Deutsche Bank 2008 AGM ‘Void’?

Press reports today suggest that Leo Kirch is likely to participate in mediation talks with Deutsche Bank in an effort to resolve his long-running dispute with the company.

Earlier this week, the Landgericht in Frankfurt (a local court), found in Kirch’s favour, and the ruled that most of the decisions of the 2008 AGM are void. In particular, the choice of auditor and the supervisory board and their discharge and the decision on the use of retained earnings are annulled. Deutsche Banks has stated that it intends to appeal to the Oberlandsgericht (a higher instance, provincial court) in Frankfurt, which has already supported DB in same cases twice since 2003. However the capital increases approved at the meeting were allowed by the High Court in an emergency procedure and are not impacted by the decision. If Oberlandsgericht supports the ruling of Landgericht, the case will go to the German Supreme Court, whose ruling will be final.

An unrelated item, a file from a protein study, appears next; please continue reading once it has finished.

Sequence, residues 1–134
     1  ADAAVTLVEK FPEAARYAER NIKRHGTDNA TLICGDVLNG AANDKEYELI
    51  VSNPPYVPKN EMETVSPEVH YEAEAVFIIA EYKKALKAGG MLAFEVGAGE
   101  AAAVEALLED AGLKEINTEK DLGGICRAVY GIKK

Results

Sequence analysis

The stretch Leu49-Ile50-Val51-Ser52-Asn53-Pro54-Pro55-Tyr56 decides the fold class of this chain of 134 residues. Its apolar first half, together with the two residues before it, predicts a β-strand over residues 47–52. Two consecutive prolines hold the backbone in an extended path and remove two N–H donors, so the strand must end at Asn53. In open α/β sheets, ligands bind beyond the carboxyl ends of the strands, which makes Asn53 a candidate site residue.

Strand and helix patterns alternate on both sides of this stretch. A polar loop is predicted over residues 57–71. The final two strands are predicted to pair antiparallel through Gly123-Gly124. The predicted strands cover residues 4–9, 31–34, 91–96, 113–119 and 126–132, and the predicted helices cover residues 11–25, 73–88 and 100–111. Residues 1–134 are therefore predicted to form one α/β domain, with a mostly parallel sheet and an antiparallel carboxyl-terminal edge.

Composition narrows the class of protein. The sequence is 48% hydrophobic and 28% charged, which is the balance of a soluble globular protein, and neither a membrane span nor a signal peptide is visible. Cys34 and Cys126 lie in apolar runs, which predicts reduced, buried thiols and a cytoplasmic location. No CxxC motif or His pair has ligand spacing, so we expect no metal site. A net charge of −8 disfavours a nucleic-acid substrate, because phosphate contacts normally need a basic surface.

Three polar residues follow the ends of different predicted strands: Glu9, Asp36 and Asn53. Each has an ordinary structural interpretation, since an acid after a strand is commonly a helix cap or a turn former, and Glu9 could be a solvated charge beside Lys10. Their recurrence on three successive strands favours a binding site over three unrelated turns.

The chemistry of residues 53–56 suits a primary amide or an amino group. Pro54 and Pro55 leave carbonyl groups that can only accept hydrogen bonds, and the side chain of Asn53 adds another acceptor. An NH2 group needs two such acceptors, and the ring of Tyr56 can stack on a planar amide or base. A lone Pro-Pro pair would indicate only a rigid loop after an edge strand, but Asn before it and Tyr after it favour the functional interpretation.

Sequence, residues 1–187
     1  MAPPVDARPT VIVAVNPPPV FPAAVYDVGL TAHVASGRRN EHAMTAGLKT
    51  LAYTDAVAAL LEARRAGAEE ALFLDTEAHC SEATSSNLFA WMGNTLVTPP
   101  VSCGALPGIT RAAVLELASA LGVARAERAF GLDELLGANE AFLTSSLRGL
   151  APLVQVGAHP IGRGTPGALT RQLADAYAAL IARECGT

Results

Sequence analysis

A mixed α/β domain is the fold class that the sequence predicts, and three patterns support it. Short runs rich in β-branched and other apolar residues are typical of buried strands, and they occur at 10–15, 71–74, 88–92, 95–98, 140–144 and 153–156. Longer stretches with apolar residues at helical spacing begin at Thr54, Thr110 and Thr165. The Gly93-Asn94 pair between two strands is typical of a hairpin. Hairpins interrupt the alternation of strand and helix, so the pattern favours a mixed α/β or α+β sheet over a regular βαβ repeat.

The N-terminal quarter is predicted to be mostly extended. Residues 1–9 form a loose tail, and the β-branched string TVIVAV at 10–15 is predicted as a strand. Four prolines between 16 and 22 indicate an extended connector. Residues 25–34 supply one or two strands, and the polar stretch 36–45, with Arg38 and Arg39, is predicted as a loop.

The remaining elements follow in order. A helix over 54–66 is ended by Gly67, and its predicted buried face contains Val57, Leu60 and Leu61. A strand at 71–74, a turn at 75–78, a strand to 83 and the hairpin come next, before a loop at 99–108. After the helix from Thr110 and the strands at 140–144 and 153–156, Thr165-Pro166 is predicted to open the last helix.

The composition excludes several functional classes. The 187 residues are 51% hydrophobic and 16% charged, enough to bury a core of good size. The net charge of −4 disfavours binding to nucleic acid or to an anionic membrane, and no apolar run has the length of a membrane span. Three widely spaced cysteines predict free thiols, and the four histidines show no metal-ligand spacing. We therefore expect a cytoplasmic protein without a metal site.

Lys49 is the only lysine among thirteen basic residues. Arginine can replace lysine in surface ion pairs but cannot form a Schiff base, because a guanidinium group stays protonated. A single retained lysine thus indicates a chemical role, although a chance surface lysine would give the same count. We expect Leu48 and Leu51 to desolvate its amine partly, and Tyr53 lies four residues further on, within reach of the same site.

Back in 2002, the CEO of Deutsche Bank, Rolf Breuer gave a television interview in which he said it was “questionable” whether Mr. Kirch would be able to refinance billions of euros of debt. This pushed Kirch Group to file for bankruptcy. Kirch sued the bank claiming that Breuer had violated German laws that prohibit bankers from making public statements about the financial situation of their clients.

Deutsche Bank last year fired its German head of corporate security and its head of investor relations after the bank was revealed to have hired private detectives to monitor executives including chief operating officer Lamberti, an employee representative Gerald Herrmann, and Michael Bohndorf an investor who had previously sued the Bank. The investigation into Bohndorf was  in order to determine whether he was connected with Mr Kirch.

A suspected infiltration of the law firm, Bub, Gauweiler & Partner, who were acting for Kirch, has also raised questions as to the bank’s behaviour.

After Deutsche Bank disclosed the matter in May, it commissioned New York law firm Cleary Gottlieb Steen & Hamilton LLP to undertake an internal investigation. The subsequent report, in July, concluded that while bank officials may have breached German privacy laws, they had not committed any major crimes.

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